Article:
Mike van der Vijver is an internationally renowned facilitator, moderator and meeting designer. He was co-author of the bestseller Into the heart of Meetings and Meetings, by Default or by Design. And he's the trainer for our Workshop Facilitation Skills.
We asked him for his view on effective meeting facilitation.
"The most astonishing thing to me is that people easily spend 80% or even up to 90% of their working time in meetings while no-one has ever taught them how to do meetings. Think of it… You step out of school or University and into the world of work. You have diligently studied chemistry, engineering or sociology, got fine grades, and what do you do in your day-to-day life? Attend and lead meetings! Doing them the way your colleagues do is the safest bet. And so, we all follow the default.
As a result, we rarely experience meetings that are done well. How do you recognise a “Good” meeting? That is simple: by testing them against on The Three E's: Effectiveness Efficiency and Energy. A good meeting scores well on all three. How can you up your meetings in that respect? By applying the skills of a meeting facilitator. Here are some ways of doing that.
A Good Meeting is Effective – it starts from clear and measurable goals and the meeting programme achieves these goals. Effective means: the meeting produces an output that contributes to a necessary change. This means you have to start thinking about the meeting from the end, actually even later: from what needs to happen after the meeting. What is the change you want and who needs to produce it? On the basis of these two questions, you can decide who needs to be in the meeting and what they need to do there. That goes well beyond simply drawing up an agenda. An agenda is just a list of topics – it only mentions what the meeting is about, the content, not what needs to be the outcome and how to get there. So: good meetings are guided by a programme, which mentions the product of the meeting and the roles of the people who are present.
A Good Meeting is Efficient – it achieves the goals with the best possible use of resources. Efficient means: there are clear agreements on who does what and how the people in the meeting need to relate to one another. That goes well beyond thinking that a meeting is just a “discussion”. Efficient meeting facilitation includes establishing rules at the start about appropriate and inappropriate behaviour. For instance about preparation, about the use of phones and laptops, about turn-taking and speaking time, and – yes – about respect. It is risky to leave these things implicit because different individuals may hold different expectations (especially for what is acceptable for themselves…). So: good meetings are guided by clear guidelines on effective participant behaviour.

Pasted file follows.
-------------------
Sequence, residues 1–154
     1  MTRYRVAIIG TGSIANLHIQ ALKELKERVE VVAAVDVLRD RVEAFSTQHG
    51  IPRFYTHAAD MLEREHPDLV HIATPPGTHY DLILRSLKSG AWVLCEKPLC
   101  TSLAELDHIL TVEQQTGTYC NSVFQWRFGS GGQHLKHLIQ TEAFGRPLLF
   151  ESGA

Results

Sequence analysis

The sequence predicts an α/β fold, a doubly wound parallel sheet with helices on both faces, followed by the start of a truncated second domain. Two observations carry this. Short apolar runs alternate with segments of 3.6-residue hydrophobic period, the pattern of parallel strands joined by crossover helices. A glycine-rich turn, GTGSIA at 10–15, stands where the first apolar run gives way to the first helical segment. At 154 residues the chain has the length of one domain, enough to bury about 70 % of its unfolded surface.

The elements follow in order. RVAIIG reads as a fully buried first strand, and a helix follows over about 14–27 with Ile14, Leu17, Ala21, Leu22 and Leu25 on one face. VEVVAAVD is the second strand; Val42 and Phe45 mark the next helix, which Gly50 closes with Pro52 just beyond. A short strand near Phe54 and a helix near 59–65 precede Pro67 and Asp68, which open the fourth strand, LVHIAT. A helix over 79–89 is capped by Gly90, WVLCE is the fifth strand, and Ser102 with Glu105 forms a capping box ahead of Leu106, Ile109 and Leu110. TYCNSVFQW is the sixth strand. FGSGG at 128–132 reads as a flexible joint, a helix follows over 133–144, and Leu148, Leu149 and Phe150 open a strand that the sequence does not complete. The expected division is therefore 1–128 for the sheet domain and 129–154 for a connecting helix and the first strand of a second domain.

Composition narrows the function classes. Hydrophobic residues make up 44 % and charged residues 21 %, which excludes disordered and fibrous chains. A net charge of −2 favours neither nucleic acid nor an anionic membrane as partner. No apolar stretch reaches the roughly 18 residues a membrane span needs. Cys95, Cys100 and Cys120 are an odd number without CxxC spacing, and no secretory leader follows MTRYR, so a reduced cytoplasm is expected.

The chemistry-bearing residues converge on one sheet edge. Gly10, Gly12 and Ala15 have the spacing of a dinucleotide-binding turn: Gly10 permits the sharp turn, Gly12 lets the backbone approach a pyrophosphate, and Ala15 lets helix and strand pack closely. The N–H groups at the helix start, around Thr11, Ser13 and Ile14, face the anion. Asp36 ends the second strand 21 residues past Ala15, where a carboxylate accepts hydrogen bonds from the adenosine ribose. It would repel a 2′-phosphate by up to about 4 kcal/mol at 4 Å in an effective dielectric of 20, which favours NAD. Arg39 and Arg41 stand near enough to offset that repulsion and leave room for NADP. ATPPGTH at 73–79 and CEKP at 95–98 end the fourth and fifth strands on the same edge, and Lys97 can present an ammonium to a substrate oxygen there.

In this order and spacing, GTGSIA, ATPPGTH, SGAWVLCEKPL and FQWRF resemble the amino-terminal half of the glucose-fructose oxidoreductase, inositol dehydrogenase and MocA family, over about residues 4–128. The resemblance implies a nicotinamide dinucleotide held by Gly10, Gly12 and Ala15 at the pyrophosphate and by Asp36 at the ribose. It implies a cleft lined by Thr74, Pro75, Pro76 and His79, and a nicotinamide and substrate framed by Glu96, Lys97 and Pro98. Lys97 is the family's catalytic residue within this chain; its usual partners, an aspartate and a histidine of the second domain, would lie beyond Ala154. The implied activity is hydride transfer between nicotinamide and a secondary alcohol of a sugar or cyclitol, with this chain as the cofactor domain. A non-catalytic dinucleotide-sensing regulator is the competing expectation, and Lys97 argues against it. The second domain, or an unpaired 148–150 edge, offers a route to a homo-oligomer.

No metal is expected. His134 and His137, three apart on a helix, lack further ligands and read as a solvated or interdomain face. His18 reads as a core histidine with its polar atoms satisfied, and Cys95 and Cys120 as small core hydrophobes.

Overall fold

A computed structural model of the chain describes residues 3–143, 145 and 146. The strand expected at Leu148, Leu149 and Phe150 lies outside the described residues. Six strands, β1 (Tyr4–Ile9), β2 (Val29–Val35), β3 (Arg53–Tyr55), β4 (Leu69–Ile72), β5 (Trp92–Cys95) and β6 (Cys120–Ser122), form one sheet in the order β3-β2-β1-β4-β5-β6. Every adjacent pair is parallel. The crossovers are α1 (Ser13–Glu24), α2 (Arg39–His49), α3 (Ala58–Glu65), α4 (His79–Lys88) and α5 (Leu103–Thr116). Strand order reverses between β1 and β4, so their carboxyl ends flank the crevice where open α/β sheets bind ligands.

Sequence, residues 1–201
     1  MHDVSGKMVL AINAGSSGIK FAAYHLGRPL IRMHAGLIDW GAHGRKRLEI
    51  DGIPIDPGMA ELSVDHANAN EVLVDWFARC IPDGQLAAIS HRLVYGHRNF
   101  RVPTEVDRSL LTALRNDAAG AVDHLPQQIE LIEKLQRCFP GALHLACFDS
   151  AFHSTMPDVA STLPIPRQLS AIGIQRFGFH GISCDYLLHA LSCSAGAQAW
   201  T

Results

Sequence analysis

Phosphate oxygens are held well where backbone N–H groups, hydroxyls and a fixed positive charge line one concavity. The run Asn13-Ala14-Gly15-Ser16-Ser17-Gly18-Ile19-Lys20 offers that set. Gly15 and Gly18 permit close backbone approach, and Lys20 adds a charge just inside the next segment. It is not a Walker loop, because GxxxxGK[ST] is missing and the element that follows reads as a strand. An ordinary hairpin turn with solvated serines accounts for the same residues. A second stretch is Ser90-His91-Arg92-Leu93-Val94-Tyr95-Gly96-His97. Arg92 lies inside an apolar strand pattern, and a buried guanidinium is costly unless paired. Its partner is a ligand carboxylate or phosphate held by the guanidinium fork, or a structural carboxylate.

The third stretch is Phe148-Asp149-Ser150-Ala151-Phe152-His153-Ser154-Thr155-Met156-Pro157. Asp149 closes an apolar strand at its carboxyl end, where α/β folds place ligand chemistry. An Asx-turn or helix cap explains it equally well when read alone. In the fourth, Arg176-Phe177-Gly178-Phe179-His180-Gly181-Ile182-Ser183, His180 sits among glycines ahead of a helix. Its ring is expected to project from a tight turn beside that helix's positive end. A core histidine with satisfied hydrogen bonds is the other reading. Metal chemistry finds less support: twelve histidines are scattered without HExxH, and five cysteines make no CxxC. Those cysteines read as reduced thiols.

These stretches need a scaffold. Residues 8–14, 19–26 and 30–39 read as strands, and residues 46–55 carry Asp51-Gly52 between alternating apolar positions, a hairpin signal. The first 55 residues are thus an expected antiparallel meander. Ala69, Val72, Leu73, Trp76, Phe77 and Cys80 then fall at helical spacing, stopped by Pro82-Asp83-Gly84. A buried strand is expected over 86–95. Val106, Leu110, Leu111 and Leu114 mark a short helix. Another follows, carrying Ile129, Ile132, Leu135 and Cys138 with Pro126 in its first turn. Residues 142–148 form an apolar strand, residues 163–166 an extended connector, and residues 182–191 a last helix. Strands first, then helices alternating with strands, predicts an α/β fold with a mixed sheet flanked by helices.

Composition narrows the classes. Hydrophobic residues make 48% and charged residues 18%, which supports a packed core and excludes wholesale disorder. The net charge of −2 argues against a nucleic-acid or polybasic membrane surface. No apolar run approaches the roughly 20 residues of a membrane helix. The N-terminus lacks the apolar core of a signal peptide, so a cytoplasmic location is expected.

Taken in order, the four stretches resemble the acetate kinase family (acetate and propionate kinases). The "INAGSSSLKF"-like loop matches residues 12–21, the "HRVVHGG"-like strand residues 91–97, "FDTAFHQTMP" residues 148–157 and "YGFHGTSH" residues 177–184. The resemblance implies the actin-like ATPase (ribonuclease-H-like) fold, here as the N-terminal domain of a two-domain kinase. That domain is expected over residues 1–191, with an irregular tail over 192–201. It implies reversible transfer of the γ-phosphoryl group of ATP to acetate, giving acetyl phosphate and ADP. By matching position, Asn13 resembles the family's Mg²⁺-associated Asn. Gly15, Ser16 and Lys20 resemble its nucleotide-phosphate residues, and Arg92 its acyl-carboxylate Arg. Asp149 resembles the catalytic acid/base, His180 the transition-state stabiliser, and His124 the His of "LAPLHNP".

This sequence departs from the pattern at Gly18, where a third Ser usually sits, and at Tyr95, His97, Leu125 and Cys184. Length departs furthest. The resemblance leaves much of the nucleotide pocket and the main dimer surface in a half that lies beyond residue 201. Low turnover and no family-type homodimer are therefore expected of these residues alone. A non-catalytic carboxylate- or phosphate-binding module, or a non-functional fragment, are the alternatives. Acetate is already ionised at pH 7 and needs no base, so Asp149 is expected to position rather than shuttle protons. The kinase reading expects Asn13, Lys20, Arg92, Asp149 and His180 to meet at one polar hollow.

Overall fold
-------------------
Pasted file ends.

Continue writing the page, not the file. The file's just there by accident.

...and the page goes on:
A Good Meeting has High Energy – the programe makes sure that the participants leave with the feeling that they have had a unique or powerful or, in any case, a useful experience. An experience that has contributed to obtaining an outcome that is relevant for them. That goes well beyond just having people sitting around a table and talking. Meeting facilitation includes designing a process for the meeting that prevents participants from doing too much of the same. It works to get people on their feet and to use different formats to work on the tasks and topics at hand. The working methods should offer participants some surprise and fun. Group work that alternates with moments of individual reflection, use of post-its, body votes, roleplay, games – they all contribute to better energy. So: good energy in meetings means: participants interact about serious issues and meanwhile, they have fun. Serious Fun!
To obtain a good score on the Three E's, your meeting should have a programme that is properly thought through. You won’t get that if you do things By Default; you create it By Design.
The main thing is to have the guts to leave your default settings behind. To defy the skepticism of your colleagues and try different solutions. That is common sense but not common practice. Let’s change that!
Mike van der Vijver